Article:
• Fri. Feb 23rd, 2024

Finding my sexuality in the face of the male gaze

ByLydia Bell

Dec 10, 2019

I knew I liked girls as soon as I started thinking about my sexuality. I also knew I had never met a boy I thought was cute, and I knew many girls who were very cute. This therefore led me to the natural conclusion that I was a lesbian and when I got my first girlfriend it seemed to me a confirmation of what I’d already suspected.

It wasn’t until my final year of high school, when I actually met a guy I was attracted to, that I was forced to question everything all over again. By then, I knew what bisexuality was and I started to slowly shift myself away from the lesbian label, and into the bisexual label.

Just before starting university my first boyfriend and I broke up, I was finally truly confident in my sexual orientation but completely unaware of what this actually meant.

It was time to really start dealing with Straight Men.

My first year of university was an aggressive crash course into the ways of the fuck-boy, and into the way so many people, men specifically, think about bisexuality.

As a lesbian, I never needed to think or care about attracting men. I also never needed to think about whether men were attracted to me. While I did speak to the straight boys, I knew at school my close friendships were with girls, as were my relationships. I didn’t have to let any men know about my sexuality, and I therefore didn’t have to hear any of their assumptions and stereotypes.

Jarringly, as a bisexual, I simply had to let a guy know I’d previously been with women to be immediately fetishized. Suddenly, I was considered far more sexually promiscuous, the way they looked at me would change, and I would be inundated with “jokes” about threesomes.

Men thought that they were entitled to objectify any and all of my personal experiences with women, twisting it for their own enjoyment.

My naïve mindset at the time considered this reaction from guys to be good thing, anything that made me seem more attractive or desirable was considered useful, even if it came with a price. I learned to leverage my sexuality in order to increase my own desirability. I did this so much that when I did meet a guy who didn’t immediately over-sexualise me after hearing I was bisexual, I was completely stunned.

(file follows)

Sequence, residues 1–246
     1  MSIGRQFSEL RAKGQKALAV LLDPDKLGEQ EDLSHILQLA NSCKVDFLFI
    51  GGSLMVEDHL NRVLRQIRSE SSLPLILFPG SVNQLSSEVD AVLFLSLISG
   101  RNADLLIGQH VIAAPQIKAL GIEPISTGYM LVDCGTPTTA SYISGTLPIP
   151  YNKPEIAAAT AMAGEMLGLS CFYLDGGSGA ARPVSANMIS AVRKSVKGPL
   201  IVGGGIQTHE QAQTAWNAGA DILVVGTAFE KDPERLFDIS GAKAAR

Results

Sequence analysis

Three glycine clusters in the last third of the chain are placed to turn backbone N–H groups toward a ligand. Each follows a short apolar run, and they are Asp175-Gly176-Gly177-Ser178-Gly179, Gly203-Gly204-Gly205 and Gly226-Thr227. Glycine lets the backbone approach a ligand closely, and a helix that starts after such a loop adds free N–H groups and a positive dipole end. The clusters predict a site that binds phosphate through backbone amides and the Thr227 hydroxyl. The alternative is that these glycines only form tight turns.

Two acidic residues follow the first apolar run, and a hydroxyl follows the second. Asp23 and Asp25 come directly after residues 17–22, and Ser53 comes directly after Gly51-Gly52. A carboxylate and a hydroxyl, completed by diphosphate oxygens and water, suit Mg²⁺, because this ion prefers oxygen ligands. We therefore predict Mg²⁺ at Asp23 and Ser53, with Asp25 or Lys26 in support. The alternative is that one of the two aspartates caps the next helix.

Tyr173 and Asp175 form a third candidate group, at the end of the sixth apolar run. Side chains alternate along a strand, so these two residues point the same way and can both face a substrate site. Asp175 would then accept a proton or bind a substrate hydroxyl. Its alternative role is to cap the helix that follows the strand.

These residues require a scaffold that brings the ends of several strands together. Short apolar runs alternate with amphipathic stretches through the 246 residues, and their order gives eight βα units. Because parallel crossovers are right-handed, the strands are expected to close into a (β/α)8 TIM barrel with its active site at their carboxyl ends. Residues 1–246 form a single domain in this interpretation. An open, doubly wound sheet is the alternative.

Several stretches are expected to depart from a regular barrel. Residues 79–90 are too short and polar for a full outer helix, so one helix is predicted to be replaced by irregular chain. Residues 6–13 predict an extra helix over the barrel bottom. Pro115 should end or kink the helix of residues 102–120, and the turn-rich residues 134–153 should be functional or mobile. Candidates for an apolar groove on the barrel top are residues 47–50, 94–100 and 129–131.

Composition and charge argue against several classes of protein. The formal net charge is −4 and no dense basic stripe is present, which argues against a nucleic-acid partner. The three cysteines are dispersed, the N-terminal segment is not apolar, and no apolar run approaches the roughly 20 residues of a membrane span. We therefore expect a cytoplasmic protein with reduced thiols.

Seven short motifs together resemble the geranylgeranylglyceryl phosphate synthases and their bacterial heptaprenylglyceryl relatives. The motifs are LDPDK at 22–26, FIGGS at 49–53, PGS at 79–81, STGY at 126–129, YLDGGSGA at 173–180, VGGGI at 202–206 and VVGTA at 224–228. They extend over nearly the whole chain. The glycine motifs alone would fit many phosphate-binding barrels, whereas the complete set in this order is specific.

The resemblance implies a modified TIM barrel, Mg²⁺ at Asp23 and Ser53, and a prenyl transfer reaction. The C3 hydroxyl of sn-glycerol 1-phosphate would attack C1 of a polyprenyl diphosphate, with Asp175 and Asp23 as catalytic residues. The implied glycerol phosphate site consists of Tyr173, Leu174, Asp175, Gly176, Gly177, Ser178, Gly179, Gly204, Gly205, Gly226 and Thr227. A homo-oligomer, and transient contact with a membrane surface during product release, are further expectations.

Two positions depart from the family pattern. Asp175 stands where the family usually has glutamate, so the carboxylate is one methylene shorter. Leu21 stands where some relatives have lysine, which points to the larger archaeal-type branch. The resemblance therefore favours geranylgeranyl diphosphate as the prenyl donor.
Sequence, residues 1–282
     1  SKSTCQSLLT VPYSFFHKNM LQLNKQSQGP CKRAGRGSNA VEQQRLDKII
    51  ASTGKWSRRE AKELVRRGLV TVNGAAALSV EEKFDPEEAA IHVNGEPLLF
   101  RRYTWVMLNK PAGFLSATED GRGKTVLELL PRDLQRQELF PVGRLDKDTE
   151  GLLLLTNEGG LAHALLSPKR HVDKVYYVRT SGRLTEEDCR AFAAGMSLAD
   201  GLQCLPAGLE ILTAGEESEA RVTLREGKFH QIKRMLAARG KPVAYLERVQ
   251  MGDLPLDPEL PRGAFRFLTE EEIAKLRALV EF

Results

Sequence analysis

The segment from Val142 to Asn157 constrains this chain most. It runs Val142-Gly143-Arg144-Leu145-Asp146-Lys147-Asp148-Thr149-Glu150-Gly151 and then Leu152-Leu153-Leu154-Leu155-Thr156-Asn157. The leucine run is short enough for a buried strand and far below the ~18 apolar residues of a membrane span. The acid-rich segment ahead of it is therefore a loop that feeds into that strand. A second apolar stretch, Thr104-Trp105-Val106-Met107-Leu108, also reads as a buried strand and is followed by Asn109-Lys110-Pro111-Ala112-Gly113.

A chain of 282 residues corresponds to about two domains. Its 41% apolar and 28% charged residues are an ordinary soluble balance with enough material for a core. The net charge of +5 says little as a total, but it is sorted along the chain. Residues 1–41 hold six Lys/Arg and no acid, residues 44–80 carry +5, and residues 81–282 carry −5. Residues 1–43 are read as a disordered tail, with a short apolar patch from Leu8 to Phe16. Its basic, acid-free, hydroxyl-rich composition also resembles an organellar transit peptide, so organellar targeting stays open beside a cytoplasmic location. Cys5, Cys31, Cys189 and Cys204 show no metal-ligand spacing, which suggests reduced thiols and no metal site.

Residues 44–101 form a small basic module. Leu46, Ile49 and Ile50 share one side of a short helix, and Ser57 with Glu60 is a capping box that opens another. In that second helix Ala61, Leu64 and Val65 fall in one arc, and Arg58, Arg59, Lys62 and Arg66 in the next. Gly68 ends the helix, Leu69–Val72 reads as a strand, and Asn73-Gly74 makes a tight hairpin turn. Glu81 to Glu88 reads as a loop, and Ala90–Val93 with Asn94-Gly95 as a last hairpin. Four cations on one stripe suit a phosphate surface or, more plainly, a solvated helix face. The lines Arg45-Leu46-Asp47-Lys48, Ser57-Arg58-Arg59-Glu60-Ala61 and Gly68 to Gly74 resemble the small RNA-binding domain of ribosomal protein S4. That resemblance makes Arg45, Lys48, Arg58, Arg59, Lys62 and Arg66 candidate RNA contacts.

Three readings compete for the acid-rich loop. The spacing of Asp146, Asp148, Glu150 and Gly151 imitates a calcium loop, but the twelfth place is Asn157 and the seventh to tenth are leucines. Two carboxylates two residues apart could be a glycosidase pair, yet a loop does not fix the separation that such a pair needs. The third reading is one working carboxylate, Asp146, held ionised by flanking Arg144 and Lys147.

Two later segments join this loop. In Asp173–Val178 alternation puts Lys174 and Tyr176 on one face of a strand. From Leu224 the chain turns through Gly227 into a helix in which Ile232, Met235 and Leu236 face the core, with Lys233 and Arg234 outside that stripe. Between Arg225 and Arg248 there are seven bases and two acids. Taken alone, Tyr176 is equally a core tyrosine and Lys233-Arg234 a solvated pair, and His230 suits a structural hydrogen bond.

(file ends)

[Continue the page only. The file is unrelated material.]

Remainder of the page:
It also became an easy way to quickly let people form an idea about who I was. I could use my sexuality and the stereotypes associated with it to create a persona until I figured out who I actually wanted to be.

This significantly contrasted with my experience as a lesbian, which mostly consisted of not telling anybody and sometimes developing relationships when I got lucky.

I don’t have an experience of being fetishised as a lesbian because only the people I wanted to know, knew my sexual orientation.

That bisexual people can present a straight and therefore privileged image in a way lesbian simply cannot do is important to note. There is also this duality where lesbians can, if they choose to, almost completely avoid men in their personal life, I know I did!

It’s bisexual women that interact with men on a romantic, personal level. They get ready for dates wondering how the new guy they’re seeing is going to react to their sexuality.

Because he is probably straight and will very likely assume you are too, until told otherwise.

Something else that has stuck with me was the constant dismissal of my experience surrounding sex with girls.

I’d be faced with comments like “but that doesn’t really count”, whenever I mentioned lesbian sex.

That straight boys can comfortably believe bisexual women are both overtly sexual and far more experimental in bed than straight girls and also that the only sex worth having involves penile penetration, and therefore all lesbian sex can be discounted and isn’t worth talking about, without experiencing intense cognitive dissonance is mystifying to say the least.

Especially when they’ll go down on you thinking they’re about to give you the best head you’ve ever had… sir.

The mindset I had in first year shaped my relationship with my own sexuality. I had to work to distance myself from the people who perpetuated damaging stereotypes. It has only really been this year, my fourth year, where I’ve been confronted with how damaging the reaction so many guys had to my sexuality was to the way I viewed myself.

I had to find out who I was away from the judgements and assumptions so many people made, which was only available when I could step back in second year and make far more open minded and respectful friends.

Now, I always reveal my sexuality early in any relationship so I can figure out where I stand by their reaction.

If it’s negative in any way, I’m out of there.

These are things I now automatically do to protect myself. But the fact that I have to still do this is ridiculous in this day and age.

Especially, considering the sheer amount of resources that are available for people to educate themselves. You’re not woke if you make a threesome joke.

I couldn’t figure out who I was in first year because I was boxed into a personality that fit all the stereotypes about my sexuality, but sexual orientation is no more than that.

You’re not required to act a certain way because of who you are attracted to or because other people expect that from you, especially if those people straight boys. I hope that the freshers in years to come aren’t faced with such ignorance and arrogance and can develop into themselves without suffering through an endless barrage of stereotypes and assumptions.


Image: via Wikimedia Commons